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"Can We All Get Along?": Racial and Ethnic Minorities in American Politics



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Perseus Books
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This is the 5th edition with a publication date of 7/14/2009.

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In a nation built by immigrants and bedeviled by the history and legacy of slavery and discrimination, issues of liberty, equality, and community continue to challenge Americans. In the fifth edition of this widely acclaimed text, Paula McClain and Joseph Stewart combine traditional elements of political science analysis-history, Constitutional theory, institutions, political behavior, and policy actors-with a fully updated survey of the political status of four major groups: blacks, Latinos, Asian Americans, and American Indians. McClain and Stewart show similarities and differences in these groupsrs" political action and experience, and point the way toward coalition, competition, and consensus building in the face of ongoing conflict. Two dilemmas shape the book: How do we as a nation reconcile a commitment to equality with persistent inequality and discrimination? And what can we do about it-from the perspective of ethnic and racial minorities as well as within the dominant culture? Thoroughly updated following the historic 2008 presidential election, this new edition provides a concise overview of minority politics in America.

Author Biography

Paula D. McClain is professor of political science, public policy, and African and African American Studies at Duke University as well as the co-director of the Center for the Study of Race, Ethnicity, and Gender in the Social Sciences. Her articles have appeared in numerous journals, including the Journal of Politics, American Political Science Review, Urban Affairs Review, and American Politics Quarterly.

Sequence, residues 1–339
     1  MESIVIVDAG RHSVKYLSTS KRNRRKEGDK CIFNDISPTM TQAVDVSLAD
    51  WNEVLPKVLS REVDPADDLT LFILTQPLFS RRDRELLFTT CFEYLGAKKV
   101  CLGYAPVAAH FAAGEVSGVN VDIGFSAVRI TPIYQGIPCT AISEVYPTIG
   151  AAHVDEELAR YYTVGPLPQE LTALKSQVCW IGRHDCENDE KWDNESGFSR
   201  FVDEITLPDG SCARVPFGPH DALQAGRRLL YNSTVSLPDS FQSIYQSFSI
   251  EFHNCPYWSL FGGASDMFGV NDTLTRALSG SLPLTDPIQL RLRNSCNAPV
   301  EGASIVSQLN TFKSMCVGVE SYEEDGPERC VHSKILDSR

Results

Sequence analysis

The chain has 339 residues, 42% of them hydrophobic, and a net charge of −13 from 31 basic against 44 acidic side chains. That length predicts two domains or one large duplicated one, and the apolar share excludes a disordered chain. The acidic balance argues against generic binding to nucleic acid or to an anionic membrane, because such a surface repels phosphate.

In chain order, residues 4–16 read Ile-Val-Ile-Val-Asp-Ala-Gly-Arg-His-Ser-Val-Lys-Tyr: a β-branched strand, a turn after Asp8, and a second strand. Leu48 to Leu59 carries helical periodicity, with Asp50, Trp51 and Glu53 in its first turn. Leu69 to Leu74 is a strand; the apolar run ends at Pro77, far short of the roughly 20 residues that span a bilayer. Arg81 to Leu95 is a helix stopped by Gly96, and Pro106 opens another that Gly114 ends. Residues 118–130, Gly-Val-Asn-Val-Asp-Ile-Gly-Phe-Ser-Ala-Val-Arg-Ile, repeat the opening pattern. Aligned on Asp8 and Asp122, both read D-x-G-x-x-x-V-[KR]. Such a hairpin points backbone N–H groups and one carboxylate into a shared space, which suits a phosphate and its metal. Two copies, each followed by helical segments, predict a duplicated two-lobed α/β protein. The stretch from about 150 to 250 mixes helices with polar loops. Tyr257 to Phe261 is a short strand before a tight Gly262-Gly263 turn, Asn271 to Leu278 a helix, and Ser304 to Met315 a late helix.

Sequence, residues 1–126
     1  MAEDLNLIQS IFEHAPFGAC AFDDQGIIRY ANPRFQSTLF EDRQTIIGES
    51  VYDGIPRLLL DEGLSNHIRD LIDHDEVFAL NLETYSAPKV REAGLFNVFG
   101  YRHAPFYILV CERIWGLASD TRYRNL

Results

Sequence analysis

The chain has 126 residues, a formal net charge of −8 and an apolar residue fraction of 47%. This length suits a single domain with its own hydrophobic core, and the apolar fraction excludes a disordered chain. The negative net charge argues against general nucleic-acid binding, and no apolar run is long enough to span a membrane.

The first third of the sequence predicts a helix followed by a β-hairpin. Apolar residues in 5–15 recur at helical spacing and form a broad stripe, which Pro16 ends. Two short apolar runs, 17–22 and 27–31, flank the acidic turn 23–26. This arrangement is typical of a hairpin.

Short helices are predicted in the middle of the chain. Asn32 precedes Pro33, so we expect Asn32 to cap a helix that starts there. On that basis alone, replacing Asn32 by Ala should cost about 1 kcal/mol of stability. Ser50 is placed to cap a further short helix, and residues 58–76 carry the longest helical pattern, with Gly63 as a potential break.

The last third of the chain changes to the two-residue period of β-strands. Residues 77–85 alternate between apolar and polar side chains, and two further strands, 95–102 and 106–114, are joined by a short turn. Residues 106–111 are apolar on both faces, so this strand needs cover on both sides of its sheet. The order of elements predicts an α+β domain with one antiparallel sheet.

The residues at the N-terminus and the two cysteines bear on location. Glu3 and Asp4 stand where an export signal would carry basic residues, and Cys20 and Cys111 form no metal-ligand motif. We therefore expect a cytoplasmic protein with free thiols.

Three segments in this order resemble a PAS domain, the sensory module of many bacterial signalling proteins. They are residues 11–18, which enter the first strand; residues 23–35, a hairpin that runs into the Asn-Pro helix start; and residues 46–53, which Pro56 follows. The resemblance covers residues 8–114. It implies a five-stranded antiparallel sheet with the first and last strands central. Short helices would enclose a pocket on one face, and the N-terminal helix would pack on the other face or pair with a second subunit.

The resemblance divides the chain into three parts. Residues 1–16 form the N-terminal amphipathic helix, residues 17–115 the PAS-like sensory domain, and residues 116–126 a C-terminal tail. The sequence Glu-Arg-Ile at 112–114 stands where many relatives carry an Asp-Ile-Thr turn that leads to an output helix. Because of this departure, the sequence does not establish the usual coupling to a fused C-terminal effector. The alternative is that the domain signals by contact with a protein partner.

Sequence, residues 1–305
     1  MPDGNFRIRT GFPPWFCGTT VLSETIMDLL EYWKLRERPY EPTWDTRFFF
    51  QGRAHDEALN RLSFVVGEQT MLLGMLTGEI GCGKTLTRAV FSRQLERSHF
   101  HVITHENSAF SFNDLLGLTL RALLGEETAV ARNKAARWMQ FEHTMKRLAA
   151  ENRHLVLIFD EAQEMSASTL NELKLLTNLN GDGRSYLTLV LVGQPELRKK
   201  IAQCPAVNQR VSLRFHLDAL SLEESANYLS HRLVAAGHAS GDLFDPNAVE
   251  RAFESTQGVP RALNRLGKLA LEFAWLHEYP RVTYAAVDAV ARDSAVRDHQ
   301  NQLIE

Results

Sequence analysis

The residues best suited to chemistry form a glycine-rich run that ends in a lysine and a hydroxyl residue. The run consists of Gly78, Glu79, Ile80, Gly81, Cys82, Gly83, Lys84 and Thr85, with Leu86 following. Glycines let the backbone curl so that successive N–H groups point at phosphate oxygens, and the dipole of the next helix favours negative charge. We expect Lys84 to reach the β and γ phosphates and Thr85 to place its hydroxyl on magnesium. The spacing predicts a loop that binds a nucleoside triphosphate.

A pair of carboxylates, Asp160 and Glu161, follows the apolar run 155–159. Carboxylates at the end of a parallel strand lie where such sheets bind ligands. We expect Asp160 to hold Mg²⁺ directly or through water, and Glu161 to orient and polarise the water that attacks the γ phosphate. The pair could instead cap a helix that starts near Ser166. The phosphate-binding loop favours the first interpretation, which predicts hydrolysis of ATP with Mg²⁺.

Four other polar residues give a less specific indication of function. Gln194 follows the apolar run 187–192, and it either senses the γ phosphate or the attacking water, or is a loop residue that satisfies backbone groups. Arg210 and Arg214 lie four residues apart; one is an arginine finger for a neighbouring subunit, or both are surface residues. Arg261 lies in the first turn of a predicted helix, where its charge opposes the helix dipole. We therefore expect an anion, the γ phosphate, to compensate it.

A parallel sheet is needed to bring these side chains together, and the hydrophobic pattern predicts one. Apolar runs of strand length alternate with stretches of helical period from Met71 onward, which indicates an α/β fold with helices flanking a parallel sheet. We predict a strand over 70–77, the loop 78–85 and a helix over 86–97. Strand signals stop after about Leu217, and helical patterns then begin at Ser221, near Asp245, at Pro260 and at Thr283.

Joseph Stewart, Jr. is chair of the department of political science at Clemson University. His work has appeared in a variety of political science, education, public policy, and interdisciplinary journals. His award-winning books include Race, Class, and Education (with Ken Meier and Robert England) and The Politics of Hispanic Education (with Ken Meier).

Table of Contents

List of Illustrations and Mapsp. xiii
List of Acronymsp. xvii
Prefacep. xix
America's Dilemmasp. 1
Terms Used in This Bookp. 5
Race and Ethnicityp. 8
American Government Foundation and Racial Minoritiesp. 10
The Constitution and Black and Indian Citizenshipp. 12
Citizenship and Later Minorities: Latinos and Asiansp. 17
The Constitution and Black and Indian Suffragep. 21
Structure of This Bookp. 25
Conclusionp. 27
Resources and Status of America's Racial Minoritiesp. 29
Population Size, Socioeconomic Status, and Concentrationp. 31
Participation in a Civil Rights Movementp. 45
Voting Rights Lawp. 57
Conclusionp. 63
America's Racial Minorities in the Contemporary Political System: Actorsp. 65
Group Identity and Perceptions of Discriminationp. 71
Political Ideologyp. 75
Partisan Identificationp. 80
Voting Behaviorp. 91
The 1996 Electionsp. 99
The 1998 Congressional Electionsp. 102
The 2000 Electionsp. 108
The 2004 Electionsp. 113
The 2008 Electionsp. 117
Interest Group Activitiesp. 125
Conclusionp. 129
America's Racial Minorities and the Policymaking Processp. 131
Agenda Settingp. 134
Minority Representationp. 135
Federalismp. 158
State Elective Officep. 160
Equal Educational Opportunityp. 165
Affirmative Action in Employmentp. 180
Extension of the Voting Rights Act (VRA)p. 184
Conclusionp. 185
Coalition or Competition? Patterns of Interminority Group Relationsp. 187
Interminority Group Relationsp. 190
Coalition or Competition Politics?p. 190
Los Angelesp. 195
Conclusionp. 215
Will We "All Get Along"?p. 217
The Dilemmas Revisitedp. 220
Targeting Racial and Ethnic Minoritiesp. 225
VRA: Looking to the Futurep. 226
Conclusionp. 228
Discussion Questionsp. 231
Glossaryp. 235
Timelinesp. 243
Notesp. 275
Referencesp. 277
Indexp. 295
Table of Contents provided by Ingram. All Rights Reserved.

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